How to Make a Terrifying Horror Movie on a Tight Budget

Deborah Logan
Millenium Entertainment

For days after seeing the movie, “The Taking of Deborah Logan,” I found myself puzzling about this low budget horror film and why it scared me the way it did. Not able to pin it down exactly I decided to interview the director Adam Robitel and the star Jill Larson.

It’s a no-brainer that Jill Larson’s acting is the main thing that makes this movie a winner. She does a phenomenal job in a demanding role. You may know her from “Shutter Island” or as Opal, owner of the Glamorama and best friend to Erica (Susan Lucci) on the long-running TV soap, “All My Children.”

In this film, she plays Deborah Logan, who is becoming a danger to herself and others — she forgets to turn the stove off, she suddenly becomes paranoid and enraged and lashes out. Deborah’s disease is accelerating rapidly and the doctors don’t know why. They try switching her medications and doing more tests.

Her daughter Sarah (Anne Ramsay) is in way over her head as the sole caretaker. The medical costs are staggering and every day becomes more stressful. Deborah wanders outside in her nightgown, she nails windows shut, she rips at her skin.

For Sarah, it’s a godsend when Mia Medina (Michelle Ang) contacts her. She’s a Ph.D. student in search of subjects for her thesis documentary on Alzheimer’s disease. Mia offers money so despite their desire to keep things private, Sarah and Deborah agree to it.

This thriller mock-doc was co-written by Adam Robitel and Gavin Heffernan and they turn Deborah and Sarah’s world of Alzheimer’s into something evil.

Dorri Olds: Why is your movie so successfully frightening?

Adam Robitel: I think horror is most effective when it takes the ordinary, the banal, and then turns it on its head. I’ve always been terrified of Alzheimer’s disease because it runs in my family. People are living longer now. When we reach the age of 80, one in four of us will have some type of dementia. Alzheimer’s encompasses our greatest fears — mortality and losing your mind.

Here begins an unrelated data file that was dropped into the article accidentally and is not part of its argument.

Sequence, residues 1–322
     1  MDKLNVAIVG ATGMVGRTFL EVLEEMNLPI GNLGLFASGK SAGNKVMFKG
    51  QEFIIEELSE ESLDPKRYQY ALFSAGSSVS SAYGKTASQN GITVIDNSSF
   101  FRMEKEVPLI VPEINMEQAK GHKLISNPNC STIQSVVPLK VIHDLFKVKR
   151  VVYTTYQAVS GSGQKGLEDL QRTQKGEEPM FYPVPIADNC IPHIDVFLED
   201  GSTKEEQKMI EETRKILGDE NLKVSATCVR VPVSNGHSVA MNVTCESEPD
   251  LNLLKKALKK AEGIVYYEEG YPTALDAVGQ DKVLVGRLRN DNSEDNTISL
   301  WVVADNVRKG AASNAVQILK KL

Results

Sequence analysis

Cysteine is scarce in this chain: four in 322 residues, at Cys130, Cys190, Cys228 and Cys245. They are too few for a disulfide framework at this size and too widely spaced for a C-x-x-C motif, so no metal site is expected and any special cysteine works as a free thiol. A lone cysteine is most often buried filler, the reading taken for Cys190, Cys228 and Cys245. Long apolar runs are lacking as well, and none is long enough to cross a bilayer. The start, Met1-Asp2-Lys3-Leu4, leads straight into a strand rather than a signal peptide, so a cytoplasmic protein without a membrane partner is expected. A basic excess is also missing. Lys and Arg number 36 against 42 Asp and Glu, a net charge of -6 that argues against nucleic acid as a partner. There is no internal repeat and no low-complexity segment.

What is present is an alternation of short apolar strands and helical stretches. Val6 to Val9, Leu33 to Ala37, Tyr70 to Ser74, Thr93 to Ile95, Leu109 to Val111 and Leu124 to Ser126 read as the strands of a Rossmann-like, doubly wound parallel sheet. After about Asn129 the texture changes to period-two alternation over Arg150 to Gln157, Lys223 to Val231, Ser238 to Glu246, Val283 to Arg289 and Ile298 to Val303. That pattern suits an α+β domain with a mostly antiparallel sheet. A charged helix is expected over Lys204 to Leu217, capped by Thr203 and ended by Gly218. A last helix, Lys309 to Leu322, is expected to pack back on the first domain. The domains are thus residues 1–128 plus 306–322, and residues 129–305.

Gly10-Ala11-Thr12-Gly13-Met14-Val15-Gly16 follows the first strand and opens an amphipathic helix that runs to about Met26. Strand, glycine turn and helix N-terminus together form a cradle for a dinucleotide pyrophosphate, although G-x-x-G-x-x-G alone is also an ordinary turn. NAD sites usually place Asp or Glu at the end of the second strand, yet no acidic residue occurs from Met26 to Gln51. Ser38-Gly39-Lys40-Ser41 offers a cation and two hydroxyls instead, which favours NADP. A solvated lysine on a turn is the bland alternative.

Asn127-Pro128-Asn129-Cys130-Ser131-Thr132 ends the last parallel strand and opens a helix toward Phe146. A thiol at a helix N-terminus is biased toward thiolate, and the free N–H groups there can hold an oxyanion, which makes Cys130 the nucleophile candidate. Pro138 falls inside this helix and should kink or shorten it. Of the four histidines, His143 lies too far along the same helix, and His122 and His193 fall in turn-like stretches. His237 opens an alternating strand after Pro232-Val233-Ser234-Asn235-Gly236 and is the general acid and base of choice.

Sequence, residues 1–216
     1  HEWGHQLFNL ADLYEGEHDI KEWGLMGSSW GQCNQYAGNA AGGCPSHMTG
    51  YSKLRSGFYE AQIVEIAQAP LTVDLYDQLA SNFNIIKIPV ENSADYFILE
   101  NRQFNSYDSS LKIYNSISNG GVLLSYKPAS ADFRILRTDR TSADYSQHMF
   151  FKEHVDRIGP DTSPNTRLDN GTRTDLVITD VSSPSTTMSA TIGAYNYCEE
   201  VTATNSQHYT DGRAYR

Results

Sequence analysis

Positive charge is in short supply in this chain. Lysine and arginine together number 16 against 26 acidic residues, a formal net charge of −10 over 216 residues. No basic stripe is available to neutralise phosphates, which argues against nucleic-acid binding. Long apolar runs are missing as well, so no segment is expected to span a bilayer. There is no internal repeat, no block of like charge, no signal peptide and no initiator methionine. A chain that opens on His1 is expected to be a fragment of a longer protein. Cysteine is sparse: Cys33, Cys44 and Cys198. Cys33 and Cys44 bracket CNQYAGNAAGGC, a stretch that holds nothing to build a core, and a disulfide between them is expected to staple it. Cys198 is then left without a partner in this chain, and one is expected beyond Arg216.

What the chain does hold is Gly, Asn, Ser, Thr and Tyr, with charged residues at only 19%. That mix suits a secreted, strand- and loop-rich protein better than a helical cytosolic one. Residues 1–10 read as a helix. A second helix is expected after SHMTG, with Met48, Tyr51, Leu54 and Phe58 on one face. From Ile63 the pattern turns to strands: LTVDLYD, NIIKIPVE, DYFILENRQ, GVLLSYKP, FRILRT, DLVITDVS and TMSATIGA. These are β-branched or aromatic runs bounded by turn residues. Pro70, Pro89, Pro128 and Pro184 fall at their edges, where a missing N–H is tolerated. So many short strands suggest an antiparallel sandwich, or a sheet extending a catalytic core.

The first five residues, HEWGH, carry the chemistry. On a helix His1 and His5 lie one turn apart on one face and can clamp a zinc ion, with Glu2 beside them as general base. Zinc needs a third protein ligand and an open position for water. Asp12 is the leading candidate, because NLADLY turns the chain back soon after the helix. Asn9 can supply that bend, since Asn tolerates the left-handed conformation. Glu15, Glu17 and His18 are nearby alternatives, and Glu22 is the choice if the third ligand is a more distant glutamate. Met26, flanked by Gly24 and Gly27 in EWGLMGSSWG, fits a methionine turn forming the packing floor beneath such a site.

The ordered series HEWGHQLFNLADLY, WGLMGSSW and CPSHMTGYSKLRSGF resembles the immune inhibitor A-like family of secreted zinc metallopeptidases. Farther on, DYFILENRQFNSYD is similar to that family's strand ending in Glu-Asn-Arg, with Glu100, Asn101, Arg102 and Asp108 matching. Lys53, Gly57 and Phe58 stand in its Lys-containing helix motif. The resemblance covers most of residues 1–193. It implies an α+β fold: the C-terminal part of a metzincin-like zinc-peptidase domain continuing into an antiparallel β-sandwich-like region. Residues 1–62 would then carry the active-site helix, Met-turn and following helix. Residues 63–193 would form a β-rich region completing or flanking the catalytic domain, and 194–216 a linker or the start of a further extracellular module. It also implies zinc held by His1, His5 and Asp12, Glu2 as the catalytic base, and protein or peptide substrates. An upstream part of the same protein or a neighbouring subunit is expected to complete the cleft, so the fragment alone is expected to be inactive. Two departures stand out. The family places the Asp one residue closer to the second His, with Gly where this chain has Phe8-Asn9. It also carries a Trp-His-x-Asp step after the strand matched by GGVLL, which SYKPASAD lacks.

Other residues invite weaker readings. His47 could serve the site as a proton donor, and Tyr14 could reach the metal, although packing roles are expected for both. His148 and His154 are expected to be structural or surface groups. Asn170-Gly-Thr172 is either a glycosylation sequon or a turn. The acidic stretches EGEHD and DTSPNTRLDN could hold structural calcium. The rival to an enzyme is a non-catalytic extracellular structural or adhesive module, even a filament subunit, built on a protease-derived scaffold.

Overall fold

And the terror of becoming a caretaker?

Yes! I wanted to use Alzheimer’s as a jumping off point. My co-writer Gavin Heffernan and I wanted to then loosen the screws on the structure and create a full-on roller coaster ride. We knew possession movies tend to be cliché and didn’t want a standard Catholic iconography and a priest coming in and doing an exorcism. We’ve seen that so often.

When you decided what you wanted to do, how did you raise the money?

I’m friends with Bryan Singer who’d produced the TV show, “House,” and I’d worked with him on “X-Men” and a couple of other projects. I’d already written a script, which had been optioned by Guillermo del Toro — a big name in horror. I got a bit of momentum from that and was able to pitch to Bryan’s company. Gavin Heffernan was my right hand man throughout. We were able to use Bryan’s name to leverage it in the market place and raise the money that way, then Millenium Entertainment got behind it.

Is there going to be a sequel?

I’m trying not to get ahead of myself but the response on Twitter has been amazing. People like you are reaching out. We spent nothing to market it so we’re completely relying on a grassroots Facebook kind of thing. Luckily, horror fans can be fanatical. Once they love something they love it and tweet and talk about it so there’s been a real social movement. We’re up there on iTunes in the top 10 and we reached number one on Netflix. For a movie with no marketing budget it is doing really well.

I’m incredibly proud of Jill Larson. She’s so fearless. Anything I threw at Jill she was willing to do. It was her first horror film and it was very demanding. Harrowing. For her to have brought all of that physicality is amazing. She filmed in the freezing cold at 2 a.m. at the bottom of a mine with blood all over her.

How did you decide to cast Jill Larson?

We did a huge search for an actress who could play Deborah. It’s a very tough role and no matter how good the actress is there was always a risk of things looking silly, like a horror film cliché. Jill was the only person who knocked our socks off. There was something so eerie about her performance. Martin Scorsese had cast her in “Shelter Island” and there’s that moment in the trailer where Jill puts her finger to her lips and goes “Shhh.” That’s very iconic and super eerie.

Deborah has a beautiful face but she can also appear skeletal if you film her at the right angles and she was able to do things that no other actress was able to. We auditioned some really big names but it kept coming off looking silly. Jill was it for me.

Jill Larson
– Jill Larson and Adam Robitel

Dorri Olds: Jill, what made you say yes to this role?